In Rgs2-deficient mice (Hercule et al., 2007; Gurley et al., 2010), elevated mean arterial blood pressures have been measured compared to wild-type RGS2 littermates, and that the differences in the magnitude in blood pressures were further exaggerated during the night (Hercule et al., 2007). To assess the importance of the kidney to mediate the increased blood pressure, an elegant cross-transplantation study was performed in which Rgs2−/− kidneys were transplanted into normal C57Bl/6 mice (Gurley et al., 2010). An increase in mean arterial pressure of 7–10 mmHg was measured in the renal Rgs2−/− mice compared to the wild-type C57Bl/6 mice or the systemic Rgs2−/− mice transplanted with normal Rgs2+/+ kidneys. Following stimulation with various vasoconstrictors, including angiotensin II (ANGII), phenylephrine, and endothelin-1, the sensitivity of renal interlobar arteries from Rgs2−/− mouse kidneys were significantly higher compared to the same vessels from wild-type mouse kidneys (Hercule et al., 2007). These data would suggest that RGS2 could control blood pressure levels through a renal-dependent mechanism that was associated with either changes in vascular tone and/or tubular reabsorption of fluid and electrolytes.

RACK1

Expression and localization of RACK1 was differentially regulated in spontaneously hypertensive rat (SHR) pre-glomerular vascular smooth muscle cells compared to their wild-type Wistar Kyoto (WKY) rat counterparts (Cheng et al., 2013). RACK1 interaction with Gβγ was proposed to redistribute the complex to the membrane and function as a scaffold to bridge other signaling molecules (i.e., protein kinase C and phospholipase C) for downstream activation of diacylglycerol and calcium (Cheng et al., 2013). This effect was dependent upon activation of neuropeptide receptors to liberate Gβγ from its Gαi subunit, and was substantially more active in the SHR vs. WKY vascular cells to promote proliferation (Cheng et al., 2013). The physiological impact on renal vascular resistance and overall blood pressure regulation remains to be determined.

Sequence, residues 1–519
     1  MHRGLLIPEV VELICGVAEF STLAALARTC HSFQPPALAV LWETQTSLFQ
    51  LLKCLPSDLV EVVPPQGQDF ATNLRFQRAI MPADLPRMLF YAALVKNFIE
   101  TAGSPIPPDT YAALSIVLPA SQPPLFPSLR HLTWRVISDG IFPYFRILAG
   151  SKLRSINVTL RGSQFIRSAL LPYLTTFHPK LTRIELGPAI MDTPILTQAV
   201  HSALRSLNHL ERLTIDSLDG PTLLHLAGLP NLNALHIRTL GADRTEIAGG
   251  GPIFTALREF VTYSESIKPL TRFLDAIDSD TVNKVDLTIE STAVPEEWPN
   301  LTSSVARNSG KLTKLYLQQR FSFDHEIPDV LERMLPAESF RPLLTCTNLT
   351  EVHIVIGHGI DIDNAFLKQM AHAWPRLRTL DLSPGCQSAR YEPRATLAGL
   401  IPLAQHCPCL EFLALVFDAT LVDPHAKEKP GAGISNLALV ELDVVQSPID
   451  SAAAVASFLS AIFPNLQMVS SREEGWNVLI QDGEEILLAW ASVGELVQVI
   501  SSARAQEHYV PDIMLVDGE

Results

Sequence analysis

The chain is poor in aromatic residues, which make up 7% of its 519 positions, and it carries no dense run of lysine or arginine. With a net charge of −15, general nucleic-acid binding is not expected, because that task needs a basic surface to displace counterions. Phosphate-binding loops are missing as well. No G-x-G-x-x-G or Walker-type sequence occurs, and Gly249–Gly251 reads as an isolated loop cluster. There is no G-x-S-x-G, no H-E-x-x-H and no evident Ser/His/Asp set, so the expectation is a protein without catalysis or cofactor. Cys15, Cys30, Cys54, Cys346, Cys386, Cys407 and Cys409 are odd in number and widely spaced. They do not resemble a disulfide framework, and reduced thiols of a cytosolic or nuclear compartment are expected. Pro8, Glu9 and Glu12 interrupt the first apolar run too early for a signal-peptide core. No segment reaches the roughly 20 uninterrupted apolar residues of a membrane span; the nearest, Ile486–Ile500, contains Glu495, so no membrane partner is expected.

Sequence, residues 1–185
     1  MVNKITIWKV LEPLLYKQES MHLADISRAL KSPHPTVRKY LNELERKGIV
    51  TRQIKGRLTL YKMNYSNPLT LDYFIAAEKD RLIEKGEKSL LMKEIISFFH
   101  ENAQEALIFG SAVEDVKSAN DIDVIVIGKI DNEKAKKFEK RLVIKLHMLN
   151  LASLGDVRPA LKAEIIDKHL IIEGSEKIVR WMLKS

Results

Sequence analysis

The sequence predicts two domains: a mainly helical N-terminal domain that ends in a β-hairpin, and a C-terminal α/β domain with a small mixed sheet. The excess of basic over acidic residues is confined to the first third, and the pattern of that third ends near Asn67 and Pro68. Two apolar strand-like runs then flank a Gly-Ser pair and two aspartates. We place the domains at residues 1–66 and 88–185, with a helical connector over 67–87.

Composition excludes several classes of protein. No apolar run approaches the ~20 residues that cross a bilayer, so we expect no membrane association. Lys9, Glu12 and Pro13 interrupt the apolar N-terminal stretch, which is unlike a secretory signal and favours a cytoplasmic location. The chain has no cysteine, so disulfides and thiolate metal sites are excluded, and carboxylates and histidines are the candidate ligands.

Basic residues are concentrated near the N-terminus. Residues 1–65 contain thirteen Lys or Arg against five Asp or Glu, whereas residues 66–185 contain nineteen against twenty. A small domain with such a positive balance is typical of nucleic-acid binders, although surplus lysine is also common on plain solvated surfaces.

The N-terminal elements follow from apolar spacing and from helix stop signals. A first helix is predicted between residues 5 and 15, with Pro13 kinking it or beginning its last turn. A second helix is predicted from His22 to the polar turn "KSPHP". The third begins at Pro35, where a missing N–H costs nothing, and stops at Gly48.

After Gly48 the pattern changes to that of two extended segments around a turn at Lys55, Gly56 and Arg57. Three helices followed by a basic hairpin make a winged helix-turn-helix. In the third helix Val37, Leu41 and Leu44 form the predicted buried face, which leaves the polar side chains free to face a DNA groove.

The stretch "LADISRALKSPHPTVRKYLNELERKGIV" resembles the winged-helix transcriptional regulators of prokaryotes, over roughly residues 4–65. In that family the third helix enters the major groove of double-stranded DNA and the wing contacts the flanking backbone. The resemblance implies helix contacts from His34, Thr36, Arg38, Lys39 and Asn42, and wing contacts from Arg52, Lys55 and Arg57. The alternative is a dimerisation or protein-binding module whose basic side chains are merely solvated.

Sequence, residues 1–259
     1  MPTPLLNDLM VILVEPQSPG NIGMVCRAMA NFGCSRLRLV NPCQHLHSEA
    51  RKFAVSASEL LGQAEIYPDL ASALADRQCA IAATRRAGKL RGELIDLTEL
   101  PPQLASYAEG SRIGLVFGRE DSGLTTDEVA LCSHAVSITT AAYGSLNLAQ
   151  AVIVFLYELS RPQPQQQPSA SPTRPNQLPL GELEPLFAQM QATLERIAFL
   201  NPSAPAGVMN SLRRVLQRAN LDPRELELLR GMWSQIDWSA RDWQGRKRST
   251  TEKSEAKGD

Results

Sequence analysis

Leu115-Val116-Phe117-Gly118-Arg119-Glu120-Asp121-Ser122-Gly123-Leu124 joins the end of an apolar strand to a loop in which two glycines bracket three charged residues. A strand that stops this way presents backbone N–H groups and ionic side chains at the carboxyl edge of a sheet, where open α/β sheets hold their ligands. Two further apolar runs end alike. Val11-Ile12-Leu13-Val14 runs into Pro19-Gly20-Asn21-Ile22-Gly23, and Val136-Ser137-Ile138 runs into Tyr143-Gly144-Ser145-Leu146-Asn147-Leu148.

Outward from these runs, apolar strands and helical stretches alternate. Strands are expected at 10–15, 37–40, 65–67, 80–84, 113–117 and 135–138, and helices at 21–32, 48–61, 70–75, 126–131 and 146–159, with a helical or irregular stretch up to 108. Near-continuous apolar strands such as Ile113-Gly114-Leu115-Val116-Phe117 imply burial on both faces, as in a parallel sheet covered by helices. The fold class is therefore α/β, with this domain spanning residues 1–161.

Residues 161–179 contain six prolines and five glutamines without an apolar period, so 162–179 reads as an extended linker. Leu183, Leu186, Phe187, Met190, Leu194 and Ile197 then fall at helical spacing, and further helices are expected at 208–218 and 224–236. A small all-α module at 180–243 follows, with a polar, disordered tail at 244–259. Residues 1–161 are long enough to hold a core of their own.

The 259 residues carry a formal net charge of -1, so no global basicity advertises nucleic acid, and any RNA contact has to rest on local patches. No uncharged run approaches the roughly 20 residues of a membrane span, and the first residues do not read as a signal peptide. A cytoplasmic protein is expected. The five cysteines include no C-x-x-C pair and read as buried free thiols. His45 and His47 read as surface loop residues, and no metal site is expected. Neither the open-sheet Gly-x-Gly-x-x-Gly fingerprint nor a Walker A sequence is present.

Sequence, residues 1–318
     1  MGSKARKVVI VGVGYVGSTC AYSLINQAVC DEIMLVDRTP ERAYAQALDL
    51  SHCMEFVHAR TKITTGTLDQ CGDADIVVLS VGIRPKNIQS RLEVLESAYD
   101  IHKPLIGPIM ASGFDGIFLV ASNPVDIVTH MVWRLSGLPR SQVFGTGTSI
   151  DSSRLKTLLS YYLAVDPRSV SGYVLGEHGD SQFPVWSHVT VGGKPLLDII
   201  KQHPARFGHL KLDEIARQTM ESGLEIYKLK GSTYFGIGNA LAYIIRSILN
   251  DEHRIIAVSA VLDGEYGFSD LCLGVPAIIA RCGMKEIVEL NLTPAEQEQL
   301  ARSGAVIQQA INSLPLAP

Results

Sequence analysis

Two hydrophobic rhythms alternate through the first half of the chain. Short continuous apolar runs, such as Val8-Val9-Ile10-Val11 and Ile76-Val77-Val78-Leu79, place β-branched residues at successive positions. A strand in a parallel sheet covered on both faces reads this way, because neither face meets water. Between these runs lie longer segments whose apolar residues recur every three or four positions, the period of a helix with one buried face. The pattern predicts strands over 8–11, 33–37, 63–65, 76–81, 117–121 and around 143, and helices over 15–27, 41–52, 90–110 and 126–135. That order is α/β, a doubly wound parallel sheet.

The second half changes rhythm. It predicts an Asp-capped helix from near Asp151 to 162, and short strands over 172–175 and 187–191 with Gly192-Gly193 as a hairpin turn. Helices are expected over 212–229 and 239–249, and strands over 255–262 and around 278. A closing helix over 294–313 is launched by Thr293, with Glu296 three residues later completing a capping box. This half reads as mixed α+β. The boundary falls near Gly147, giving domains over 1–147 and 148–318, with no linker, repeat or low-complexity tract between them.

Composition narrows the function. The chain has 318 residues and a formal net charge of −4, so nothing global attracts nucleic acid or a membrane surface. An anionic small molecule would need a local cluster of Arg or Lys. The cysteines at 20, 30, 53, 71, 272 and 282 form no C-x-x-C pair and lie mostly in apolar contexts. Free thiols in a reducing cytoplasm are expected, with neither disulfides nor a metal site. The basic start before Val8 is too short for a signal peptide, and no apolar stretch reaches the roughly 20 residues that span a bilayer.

Renal Fibrosis

Renal fibrosis is a classic phenotype in the progression of many types of renal disease, and occurs when the deposition of extracellular matrix components begin to replace the normal tubular epithelial cells (Chevalier et al., 2009; Meng et al., 2014).

RGS2